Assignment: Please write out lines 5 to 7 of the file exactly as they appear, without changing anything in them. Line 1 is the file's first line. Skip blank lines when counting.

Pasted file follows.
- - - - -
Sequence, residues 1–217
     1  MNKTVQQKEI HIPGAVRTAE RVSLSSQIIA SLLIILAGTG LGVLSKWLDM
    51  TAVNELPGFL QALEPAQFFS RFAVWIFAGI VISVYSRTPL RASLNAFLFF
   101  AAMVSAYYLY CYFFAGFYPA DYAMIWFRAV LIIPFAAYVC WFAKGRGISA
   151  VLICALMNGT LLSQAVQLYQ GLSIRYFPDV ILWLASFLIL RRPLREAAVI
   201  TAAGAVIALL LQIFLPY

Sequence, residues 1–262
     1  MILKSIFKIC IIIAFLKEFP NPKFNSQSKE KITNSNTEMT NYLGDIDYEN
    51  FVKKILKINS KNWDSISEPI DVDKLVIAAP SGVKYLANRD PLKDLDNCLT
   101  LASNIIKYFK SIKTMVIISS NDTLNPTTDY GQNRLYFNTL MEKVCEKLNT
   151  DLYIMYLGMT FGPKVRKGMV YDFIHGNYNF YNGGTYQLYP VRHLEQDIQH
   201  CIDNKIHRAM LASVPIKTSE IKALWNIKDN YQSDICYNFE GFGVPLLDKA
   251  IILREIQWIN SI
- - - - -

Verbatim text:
   151  VLICALMNGT LLSQAVQLYQ GLSIRYFPDV ILWLASFLIL RRPLREAAVI
   201  TAAGAVIALL LQIFLPY

Sequence, residues 1–262